Photo courtesy: Lansing State Journal
LANSING, Mich. (Lansing State Journal) -- Michael Belligan does not belong to any union. But he wanted to lend his voice to a cause that he believes affects him nearly as much as hundreds of thousands of union members statewide.
Waving a sign that read "Solidarity, the East Lansing man stood shoulder-to-shoulder Saturday afternoon with more than 2,000 union members and other activists outside the Capitol to rally for the rights of workers in Michigan and nationwide.
Belligan, 31, who works as a technician at a Lansing-area engineering firm, said he believes a proposed pension tax and bills in the Legislature that would curb collective bargaining rights is an assault on the middle class and his way of life.
"As unions go, so goes the middle class," Belligan said.
The Rally to Save the American Dream, which began at noon on Saturday, is part of an effort by public employee unions and MoveOn.org to organize protests at state capitols around the country to support public workers in Wisconsin. There, tens of thousands of workers have stormed the Capitol in Madison to protest Gov. Scott Walker's push to curb collective bargaining rights of public workers to balance the budget.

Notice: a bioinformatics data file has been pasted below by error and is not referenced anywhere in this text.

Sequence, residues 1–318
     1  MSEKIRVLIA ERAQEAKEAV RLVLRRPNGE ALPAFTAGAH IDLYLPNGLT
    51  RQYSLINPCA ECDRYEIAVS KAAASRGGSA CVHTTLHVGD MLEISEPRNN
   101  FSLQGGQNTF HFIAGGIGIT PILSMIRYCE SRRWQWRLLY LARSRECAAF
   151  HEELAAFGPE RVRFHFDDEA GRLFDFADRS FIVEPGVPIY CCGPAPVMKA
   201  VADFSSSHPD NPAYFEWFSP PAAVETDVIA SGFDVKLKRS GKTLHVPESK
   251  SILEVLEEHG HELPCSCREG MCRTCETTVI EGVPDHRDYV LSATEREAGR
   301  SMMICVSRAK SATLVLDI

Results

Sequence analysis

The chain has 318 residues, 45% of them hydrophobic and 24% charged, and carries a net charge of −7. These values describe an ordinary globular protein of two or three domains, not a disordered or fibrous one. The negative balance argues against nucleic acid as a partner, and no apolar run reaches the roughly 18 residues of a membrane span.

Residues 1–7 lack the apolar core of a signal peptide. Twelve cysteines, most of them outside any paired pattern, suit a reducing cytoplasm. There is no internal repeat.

Saturday's rally is the largest union rally of a series of rallies that began Tuesday at the Capitol. This week, thousands of public workers and private sector workers have descended on the Capitol to protest bills that would make Michigan a right to work state, curtail prevailing wage laws, remove binding arbitration for police and firefighters and expand the power of state officials to curb collective bargaining for public sector employees during financial emergencies.
Stan Jonik, 56, Detroit, an electrical worker who retired last year because of arthritis, said he believed the anti-union bills would hurt the ability of his fellow union members to negotiate good wages. Jonik, a member of the International Brotherhood of Electrical Workers Local 58, also is upset at Gov. Rick Snyder's proposal to tax pensions, which Jonik says will make it harder for him to make ends meet.
"They're trying to take more away from us," Jonik said. "We're out here today to protest these things they're trying to jam down our throats."